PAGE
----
Is a Tree of Pyramid schemes our best bet for a scaling solution?

#1

Is that clickbaity?

Here’s what I need to know. Once an atomic swap is complete, there’s no need to interact with the asset’s original chain until someone wants to redeem that asset.
I’ve assumed it to always be like this. Once an atomic swap has been completed, you basically have a voucher for the asset that you can redeem at anytime.

Is the only reason we haven’t made nested Proof of stake side/child chains because we lose security against 51% attacks at every deeper level?

If the above is true, then I believe I have a scaling solution.
If it’s not, then I am crazy, and I need to be checked into a mental health facility.


What is the scaling solution? Well. it’s nested sidechains. How can we ensure their security? inverting pyramid scheme smart contracts so that losers get more tokens the more they lose in the pyramid.

#2

Yes, but not exactly for nested PoS side chains. Just side chains in general. Increasing throughput by diluting security (i.e., by having each side chain run its own consensus protocol and trusting it hasn’t been attacked) is a non-starter.

Can you provide some more details on how this works, precisely? Lose where? I would argue that proving you lost money due to an insecure side chain is isomorphic to proving you haven’t lost money.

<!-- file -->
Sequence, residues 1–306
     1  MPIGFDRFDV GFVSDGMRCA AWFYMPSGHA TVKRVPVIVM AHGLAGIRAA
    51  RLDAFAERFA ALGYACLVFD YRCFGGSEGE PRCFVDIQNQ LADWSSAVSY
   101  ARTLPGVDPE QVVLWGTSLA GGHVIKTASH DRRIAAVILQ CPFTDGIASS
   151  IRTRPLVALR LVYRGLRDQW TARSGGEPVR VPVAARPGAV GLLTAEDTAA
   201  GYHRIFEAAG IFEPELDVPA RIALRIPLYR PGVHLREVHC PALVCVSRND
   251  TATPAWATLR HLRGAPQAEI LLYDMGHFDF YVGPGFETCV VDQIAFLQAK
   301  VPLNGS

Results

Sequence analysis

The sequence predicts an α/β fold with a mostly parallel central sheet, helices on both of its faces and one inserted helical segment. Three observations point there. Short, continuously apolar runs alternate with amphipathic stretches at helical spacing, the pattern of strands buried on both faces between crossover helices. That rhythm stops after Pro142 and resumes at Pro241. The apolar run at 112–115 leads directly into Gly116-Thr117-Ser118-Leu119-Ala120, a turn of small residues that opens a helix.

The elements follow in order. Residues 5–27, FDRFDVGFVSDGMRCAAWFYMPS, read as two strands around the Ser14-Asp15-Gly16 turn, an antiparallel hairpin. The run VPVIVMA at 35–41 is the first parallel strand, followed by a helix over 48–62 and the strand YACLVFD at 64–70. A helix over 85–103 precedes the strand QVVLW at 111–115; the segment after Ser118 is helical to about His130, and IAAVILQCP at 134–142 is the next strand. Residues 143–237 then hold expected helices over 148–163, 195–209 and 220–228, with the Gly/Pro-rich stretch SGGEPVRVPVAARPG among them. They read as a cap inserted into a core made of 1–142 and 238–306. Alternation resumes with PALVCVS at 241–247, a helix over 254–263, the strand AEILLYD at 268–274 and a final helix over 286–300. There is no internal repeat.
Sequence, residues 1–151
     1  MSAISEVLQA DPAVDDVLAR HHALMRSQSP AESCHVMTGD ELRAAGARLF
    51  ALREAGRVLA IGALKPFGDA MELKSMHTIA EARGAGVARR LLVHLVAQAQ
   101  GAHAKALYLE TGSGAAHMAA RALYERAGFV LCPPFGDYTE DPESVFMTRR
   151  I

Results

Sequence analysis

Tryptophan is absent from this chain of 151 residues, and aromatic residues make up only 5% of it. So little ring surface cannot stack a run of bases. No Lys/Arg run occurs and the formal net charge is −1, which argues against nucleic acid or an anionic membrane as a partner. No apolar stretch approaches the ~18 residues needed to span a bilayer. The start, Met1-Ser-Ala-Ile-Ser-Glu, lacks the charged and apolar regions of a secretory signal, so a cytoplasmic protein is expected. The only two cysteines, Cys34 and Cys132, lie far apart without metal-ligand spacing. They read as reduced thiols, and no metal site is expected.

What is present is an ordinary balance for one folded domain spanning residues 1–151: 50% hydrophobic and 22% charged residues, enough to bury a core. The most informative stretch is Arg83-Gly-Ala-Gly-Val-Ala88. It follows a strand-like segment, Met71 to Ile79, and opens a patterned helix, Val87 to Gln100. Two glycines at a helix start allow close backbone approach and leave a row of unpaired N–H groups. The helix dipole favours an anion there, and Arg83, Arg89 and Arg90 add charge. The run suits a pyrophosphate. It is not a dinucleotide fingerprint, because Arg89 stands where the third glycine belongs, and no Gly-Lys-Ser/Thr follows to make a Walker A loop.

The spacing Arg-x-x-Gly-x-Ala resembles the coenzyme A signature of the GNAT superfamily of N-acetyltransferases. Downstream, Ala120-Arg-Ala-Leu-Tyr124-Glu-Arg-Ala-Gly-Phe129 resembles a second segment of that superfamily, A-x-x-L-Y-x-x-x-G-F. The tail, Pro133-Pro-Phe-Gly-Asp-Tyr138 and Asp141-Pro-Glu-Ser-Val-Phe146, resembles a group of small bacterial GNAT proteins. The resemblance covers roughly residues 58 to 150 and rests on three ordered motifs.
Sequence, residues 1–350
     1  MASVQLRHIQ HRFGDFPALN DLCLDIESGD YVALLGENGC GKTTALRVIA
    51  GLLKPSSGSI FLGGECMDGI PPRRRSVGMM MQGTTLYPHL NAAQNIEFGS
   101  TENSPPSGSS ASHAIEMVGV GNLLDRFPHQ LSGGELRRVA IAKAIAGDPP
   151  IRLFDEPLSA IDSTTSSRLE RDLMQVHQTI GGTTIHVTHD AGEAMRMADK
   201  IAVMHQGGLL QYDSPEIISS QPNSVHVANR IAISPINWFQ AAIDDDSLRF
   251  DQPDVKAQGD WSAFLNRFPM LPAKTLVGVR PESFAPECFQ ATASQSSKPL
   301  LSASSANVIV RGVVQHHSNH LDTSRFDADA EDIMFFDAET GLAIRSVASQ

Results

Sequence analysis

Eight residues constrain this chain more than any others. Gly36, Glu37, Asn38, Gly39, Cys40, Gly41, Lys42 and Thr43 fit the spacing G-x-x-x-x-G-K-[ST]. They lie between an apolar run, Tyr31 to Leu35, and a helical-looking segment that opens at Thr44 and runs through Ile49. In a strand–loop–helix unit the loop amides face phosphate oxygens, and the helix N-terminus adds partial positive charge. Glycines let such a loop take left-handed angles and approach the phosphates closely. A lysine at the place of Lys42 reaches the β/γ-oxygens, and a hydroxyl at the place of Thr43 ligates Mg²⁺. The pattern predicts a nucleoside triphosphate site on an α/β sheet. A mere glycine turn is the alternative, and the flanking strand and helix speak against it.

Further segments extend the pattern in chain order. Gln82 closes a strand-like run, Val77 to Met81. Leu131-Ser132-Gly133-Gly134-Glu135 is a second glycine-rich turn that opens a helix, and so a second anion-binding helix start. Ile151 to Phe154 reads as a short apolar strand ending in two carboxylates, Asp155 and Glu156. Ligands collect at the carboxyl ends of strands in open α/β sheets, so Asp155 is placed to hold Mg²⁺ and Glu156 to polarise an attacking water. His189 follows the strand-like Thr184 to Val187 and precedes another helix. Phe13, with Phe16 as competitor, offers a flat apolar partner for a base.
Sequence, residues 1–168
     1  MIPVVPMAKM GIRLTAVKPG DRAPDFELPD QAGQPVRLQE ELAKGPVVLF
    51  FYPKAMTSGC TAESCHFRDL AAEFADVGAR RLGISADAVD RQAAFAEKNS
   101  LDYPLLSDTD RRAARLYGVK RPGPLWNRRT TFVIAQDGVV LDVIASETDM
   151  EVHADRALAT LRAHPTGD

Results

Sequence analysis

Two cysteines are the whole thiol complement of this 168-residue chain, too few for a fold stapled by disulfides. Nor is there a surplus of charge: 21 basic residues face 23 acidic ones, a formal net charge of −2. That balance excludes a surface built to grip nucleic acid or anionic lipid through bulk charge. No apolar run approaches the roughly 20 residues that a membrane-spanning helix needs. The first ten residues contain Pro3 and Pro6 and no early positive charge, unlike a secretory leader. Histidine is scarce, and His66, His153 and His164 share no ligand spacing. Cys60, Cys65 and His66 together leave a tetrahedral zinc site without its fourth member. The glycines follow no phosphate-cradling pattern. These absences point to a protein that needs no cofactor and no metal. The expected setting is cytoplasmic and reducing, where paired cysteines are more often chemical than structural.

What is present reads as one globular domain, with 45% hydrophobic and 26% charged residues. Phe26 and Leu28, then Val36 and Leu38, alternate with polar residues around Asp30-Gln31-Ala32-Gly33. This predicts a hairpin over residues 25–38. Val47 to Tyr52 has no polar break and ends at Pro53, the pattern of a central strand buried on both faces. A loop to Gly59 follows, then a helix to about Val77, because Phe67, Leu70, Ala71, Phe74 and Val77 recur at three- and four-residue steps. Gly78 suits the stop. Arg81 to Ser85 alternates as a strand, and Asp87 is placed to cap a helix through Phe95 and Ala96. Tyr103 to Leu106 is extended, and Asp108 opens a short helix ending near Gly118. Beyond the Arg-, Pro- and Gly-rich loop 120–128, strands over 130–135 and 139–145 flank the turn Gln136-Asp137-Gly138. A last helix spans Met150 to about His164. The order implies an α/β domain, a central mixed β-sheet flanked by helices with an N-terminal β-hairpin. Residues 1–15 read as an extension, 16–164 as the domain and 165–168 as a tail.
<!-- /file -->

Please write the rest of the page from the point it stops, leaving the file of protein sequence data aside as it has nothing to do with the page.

#3

It blows my mind. You’re telling me everything I need to hear.

tldr: you can create a pyramid scheme smart contract. You calculate the loss & use it as a multiplier when rewarding tokens after someone “sells” out of the contraccs. Those tokens are used to stake the childchain. These token’s can’t be whaled out (no matter how bad the supply inflates) because people are incentivized to create them, by take greater and greater losses in the pyramid smart contract.


Fortunately this isn’t all just words. I’m currently debugging the smart contract & intend to launch a demo so everyone can see the pie chart.
i’m not keen on communication, so i just gotta push this out asap

#4

Here’s what the code looks like.
Hopefully this makes a bit more sense